Therein lies the cold hard truth: No one is innocent in this war. But the bloodshed must end.
Ending the bloodshed is where Carl comes in. Carl wants his father to choose another path, and it’s a path guided by the decision to be merciful.
When Rick and Carl encountered Siddiq on their supply run, Rick fired warning shots at him to chase him away. They didn’t need another possible problem, as far as he was concerned. Carl felt guilty about his father’s actions and he went back out with food and supplies for the stranger, leaving him a note apologizing for his father’s actions. This is Carl showing mercy for the stranger, and offering an olive branch. Of course, during Carl’s mission to find Siddiq is where he was bitten, and when The Walking Dead returns we will witness Carl’s tragic end.
With Carl’s death comes a message for his father. Scott M. Gimple recently revealed in an interview that Carl’s death will change the trajectory of the season. Perhaps “My mercy prevails over my wrath” is the message that Carl wants to convey to his father, and that preventing more bloodshed is the path forward. We’ve talked about the philosophical and ethical dilemmas faced in the world of The Walking Dead. In this case, Carl doesn’t want his father to head down an even darker path, and perhaps this will be his final act: To save his father’s soul.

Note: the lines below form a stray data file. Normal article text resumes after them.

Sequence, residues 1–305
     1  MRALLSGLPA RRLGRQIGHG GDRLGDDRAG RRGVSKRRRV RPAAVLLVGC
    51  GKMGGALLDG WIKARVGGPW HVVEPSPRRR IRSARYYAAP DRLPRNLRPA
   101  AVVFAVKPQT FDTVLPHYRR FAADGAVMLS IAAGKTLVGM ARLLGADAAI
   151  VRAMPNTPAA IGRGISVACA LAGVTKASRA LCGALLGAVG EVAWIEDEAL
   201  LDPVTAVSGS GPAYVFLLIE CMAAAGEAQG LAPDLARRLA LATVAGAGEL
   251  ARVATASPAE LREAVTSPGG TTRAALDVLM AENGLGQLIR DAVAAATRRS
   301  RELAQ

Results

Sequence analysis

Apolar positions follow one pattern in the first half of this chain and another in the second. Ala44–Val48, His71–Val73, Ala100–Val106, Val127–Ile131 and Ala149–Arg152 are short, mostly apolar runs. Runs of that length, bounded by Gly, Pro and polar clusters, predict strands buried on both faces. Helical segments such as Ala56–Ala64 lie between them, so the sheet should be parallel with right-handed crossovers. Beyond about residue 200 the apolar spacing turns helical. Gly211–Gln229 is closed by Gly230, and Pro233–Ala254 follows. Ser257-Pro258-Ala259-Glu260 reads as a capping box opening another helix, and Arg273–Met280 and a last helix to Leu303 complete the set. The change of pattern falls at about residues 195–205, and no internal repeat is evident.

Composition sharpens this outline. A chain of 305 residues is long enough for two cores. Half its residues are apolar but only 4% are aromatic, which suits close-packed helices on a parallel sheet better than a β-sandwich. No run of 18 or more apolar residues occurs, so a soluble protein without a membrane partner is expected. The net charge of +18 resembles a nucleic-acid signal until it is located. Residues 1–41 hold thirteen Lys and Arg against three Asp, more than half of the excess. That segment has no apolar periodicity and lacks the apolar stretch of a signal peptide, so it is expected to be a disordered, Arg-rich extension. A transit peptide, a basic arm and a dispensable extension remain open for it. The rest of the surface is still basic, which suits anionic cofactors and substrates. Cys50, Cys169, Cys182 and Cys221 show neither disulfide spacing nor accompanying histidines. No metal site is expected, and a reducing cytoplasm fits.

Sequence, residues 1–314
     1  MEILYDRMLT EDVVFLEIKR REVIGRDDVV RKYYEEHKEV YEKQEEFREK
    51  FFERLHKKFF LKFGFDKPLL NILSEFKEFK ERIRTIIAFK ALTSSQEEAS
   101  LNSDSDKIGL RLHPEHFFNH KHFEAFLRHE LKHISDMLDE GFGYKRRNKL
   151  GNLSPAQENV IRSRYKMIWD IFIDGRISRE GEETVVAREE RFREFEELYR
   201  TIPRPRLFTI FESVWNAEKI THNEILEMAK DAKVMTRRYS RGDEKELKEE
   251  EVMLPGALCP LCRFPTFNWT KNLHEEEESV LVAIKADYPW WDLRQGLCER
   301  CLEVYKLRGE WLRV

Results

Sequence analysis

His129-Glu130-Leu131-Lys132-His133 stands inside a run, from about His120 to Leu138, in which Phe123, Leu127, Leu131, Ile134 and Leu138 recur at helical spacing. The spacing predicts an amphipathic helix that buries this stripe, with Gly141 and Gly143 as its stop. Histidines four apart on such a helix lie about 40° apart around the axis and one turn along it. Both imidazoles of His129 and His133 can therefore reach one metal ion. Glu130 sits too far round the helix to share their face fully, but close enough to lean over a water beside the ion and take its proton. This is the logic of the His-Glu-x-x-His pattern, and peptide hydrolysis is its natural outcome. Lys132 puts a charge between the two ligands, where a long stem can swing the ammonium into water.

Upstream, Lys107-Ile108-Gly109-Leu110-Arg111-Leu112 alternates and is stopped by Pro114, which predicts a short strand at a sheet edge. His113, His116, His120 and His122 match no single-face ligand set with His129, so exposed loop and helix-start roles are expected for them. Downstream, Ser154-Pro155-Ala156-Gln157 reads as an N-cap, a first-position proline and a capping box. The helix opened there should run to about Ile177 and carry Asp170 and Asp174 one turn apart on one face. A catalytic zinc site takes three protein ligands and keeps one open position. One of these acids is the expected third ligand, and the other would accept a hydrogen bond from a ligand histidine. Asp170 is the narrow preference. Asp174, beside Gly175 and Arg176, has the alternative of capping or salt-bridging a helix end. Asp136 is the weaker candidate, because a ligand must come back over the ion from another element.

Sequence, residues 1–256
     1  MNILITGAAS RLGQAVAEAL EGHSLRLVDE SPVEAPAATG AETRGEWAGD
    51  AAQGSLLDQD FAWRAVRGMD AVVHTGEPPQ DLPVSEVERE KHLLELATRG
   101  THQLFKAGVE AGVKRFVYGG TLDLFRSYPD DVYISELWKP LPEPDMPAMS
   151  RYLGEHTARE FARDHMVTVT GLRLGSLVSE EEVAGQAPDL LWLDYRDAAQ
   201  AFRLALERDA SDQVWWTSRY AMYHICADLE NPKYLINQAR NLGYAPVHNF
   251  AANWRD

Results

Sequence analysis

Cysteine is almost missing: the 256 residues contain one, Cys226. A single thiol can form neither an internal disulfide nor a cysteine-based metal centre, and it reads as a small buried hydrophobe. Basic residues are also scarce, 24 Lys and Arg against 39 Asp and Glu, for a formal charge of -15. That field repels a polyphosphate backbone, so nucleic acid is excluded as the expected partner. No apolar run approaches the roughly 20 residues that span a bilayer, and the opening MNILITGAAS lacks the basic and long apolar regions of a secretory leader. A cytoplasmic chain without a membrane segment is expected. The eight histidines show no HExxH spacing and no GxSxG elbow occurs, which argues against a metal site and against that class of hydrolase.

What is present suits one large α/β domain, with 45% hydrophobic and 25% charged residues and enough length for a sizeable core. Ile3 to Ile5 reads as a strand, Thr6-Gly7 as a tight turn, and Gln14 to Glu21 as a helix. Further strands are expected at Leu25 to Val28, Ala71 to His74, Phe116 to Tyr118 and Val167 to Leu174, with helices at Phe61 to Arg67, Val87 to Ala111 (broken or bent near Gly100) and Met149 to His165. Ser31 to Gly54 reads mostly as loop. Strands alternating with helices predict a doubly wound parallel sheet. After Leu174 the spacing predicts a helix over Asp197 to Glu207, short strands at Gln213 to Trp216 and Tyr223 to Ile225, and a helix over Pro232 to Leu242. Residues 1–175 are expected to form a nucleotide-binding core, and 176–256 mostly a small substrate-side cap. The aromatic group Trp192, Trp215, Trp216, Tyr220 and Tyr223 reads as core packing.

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The choice to be merciful isn’t an easy one. Allowing mercy to prevail over wrath is the path that should be taken when possible. This won’t be an easy choice for anyone involved because horrible losses have been suffered on both sides. Choosing mercy is the righteous path, and though it will be hard to do, it’s definitely the right thing to do.